A disservice to each Mrs Hemingway
Mrs Hemingway By Naomi Wood Picador, 256pp, $29.99 A FRIEND of mine, a Hemingway scholar and long-time bull-runner, once met Norman Mailer. He cannot remember much of the evening, but he remembers the most important part.
“Norman,” he asked at the height of their inebriation, “why do we drink?” “Because we hurt,” Mailer replied. It’s the sort of thing Ernest Hemingway might have written, but it’s hardly the sort of thing he would ever have actually said. He left honesty and soul-bearing for his work and destroyed most of the relationships in his life by suppressing such sentiments outside of it.
As evidence of his sensitivity, we have the best of his work. As evidence against it, we have the literary penis-measurement, ad hominem attacks and all-round machismo of his worst. Somewhere between these two poles we have the evidence of his life and, especially, his marriages. That he hurt seems obvious. Exactly why and how he hurt — long the great blue marlin of scholars and biographers — is a more complicated question.
Going on the evidence of Mrs Hemingway, English writer Naomi Wood doesn’t really know how to answer it. In this novel she floats a few of the usual theories — his hatred of his mother comes up, his father’s suicide looms large — but ultimately settles on the vague and clunky suggestion that “maybe Ernest had had more than every man’s sackful of darkness”.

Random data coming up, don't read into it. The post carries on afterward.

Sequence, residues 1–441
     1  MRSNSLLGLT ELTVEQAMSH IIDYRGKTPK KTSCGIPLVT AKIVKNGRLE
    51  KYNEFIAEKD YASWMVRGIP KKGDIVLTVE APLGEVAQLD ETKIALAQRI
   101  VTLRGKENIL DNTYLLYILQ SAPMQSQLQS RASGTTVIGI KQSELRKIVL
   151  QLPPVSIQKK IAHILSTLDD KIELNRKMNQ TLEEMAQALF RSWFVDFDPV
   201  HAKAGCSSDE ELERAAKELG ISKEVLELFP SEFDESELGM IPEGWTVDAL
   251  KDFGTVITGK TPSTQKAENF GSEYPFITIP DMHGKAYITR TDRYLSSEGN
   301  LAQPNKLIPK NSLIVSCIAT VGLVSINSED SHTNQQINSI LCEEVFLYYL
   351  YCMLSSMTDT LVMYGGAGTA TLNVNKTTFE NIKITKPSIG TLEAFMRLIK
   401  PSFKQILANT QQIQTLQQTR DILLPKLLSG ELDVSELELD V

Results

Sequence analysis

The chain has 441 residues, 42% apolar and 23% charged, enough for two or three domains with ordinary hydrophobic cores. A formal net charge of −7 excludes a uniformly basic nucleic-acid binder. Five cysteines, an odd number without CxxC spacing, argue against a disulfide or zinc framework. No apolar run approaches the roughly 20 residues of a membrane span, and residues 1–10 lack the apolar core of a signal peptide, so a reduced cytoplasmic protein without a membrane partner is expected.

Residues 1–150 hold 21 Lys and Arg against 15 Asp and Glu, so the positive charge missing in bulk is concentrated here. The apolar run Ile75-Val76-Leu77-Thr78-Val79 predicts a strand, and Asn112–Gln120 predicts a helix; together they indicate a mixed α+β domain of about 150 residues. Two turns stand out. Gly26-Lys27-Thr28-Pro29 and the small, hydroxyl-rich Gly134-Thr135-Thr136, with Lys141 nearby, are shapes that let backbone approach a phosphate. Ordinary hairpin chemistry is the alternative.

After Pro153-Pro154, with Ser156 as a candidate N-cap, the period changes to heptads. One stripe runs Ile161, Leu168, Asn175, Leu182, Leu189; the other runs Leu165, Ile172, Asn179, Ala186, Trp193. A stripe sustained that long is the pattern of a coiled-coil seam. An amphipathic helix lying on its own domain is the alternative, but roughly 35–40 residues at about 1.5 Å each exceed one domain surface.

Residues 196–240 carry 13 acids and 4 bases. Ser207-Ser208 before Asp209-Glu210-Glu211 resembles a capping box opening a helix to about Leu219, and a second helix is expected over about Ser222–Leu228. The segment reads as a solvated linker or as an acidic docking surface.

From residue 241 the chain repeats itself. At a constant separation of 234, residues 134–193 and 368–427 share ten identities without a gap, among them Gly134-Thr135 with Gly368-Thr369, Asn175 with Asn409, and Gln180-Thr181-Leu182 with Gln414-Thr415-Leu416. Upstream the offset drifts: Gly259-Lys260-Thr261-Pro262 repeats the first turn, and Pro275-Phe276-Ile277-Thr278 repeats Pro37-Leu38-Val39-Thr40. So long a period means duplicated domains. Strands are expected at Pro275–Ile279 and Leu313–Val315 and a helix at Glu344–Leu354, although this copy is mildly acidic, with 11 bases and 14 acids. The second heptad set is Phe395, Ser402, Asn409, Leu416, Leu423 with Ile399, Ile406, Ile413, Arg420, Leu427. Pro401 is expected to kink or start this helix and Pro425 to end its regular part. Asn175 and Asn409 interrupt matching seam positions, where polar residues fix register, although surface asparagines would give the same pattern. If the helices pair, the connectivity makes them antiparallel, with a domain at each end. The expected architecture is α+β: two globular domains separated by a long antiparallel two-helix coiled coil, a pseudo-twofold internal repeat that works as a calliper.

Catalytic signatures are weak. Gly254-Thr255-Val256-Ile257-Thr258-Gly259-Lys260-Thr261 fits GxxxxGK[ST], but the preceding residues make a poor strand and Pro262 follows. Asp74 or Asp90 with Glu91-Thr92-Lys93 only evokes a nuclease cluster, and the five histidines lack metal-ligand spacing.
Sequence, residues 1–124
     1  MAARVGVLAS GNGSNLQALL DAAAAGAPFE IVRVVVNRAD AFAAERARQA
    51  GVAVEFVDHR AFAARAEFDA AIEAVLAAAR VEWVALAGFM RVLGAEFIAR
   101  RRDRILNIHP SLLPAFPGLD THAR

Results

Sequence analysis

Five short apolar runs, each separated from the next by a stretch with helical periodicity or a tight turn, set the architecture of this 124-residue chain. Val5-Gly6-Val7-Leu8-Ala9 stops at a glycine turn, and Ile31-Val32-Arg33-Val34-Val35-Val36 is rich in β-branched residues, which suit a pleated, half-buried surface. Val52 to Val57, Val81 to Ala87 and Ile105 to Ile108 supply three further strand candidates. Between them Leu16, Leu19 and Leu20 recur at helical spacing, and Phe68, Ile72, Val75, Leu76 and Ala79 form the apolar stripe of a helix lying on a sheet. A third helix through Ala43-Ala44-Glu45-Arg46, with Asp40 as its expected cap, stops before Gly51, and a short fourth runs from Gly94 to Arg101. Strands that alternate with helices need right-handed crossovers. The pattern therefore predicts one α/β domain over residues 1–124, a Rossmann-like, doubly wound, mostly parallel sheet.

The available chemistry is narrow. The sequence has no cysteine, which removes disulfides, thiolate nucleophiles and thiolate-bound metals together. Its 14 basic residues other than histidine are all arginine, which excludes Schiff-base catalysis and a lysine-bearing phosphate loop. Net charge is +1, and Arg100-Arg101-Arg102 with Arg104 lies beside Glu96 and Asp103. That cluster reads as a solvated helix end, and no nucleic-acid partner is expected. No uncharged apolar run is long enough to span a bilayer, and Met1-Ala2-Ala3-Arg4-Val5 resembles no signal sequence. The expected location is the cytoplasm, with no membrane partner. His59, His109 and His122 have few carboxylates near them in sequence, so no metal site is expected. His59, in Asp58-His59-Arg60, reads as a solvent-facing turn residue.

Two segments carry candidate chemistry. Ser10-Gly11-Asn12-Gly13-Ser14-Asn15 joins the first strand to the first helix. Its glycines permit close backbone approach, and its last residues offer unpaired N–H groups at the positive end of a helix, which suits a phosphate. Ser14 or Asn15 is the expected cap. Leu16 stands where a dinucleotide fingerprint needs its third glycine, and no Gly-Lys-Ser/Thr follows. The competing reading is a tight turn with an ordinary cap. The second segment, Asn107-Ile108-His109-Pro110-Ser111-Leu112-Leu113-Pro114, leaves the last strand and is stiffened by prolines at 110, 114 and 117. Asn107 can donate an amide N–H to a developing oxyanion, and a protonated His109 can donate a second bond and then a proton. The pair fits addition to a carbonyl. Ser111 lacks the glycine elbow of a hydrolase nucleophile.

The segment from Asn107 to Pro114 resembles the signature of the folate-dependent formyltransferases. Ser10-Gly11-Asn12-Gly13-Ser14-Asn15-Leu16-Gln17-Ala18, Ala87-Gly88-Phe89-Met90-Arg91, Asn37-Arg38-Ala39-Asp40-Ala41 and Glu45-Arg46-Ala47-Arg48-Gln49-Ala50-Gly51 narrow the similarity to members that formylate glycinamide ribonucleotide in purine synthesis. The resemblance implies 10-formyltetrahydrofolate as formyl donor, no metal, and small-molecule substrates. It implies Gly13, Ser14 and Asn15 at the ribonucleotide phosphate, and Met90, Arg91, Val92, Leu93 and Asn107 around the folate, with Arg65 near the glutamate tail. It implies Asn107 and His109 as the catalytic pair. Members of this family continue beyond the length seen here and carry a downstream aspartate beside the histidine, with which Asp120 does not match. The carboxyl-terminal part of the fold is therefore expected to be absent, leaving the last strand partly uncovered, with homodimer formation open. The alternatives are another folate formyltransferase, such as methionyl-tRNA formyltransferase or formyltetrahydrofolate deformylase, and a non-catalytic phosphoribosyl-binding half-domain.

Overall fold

That Hemingway was enigmatic is widely known. But Wood’s Hemingway is so opaque as to be practically invisible: more a complex of complexes — or, worse, a collection of secondhand caricatures — than a fully-formed character, let alone a historical figure.
This would perhaps be acceptable were his wives, the ostensible heroines of the piece, more than mere projections of their author. With the possible exception of Martha Gellhorn, the easiest of the wives for contemporary readers (and authors) to identify with, Hadley Richardson, Pauline Pfeiffer and Mary Welsh are never satisfactorily differentiated from one another. All four wives share turns of phrase (‘‘on the sauce” pops up a lot) and an impeccable and unlikely sense of smell. Their thoughts tend to be rendered — again with Gellhorn an occasional outlier — in a single eloquent but unchanging prose style. Wood’s attempts at imaginative identification have a tendency to erase the women’s specificity.
Mrs Hemingway is not without its charms. Wood’s structure is first among these. The book is neatly divided into four sections, one for each wife, which detail the end of each marriage in present tense while flashing back through its key moments in past. Each wife’s story overlaps with the last: Woods’ suggestion, late in the book, that “each decade has its triptych” doubles as her key organising principle.
The level of research that has gone into the book is impressive, but not always well-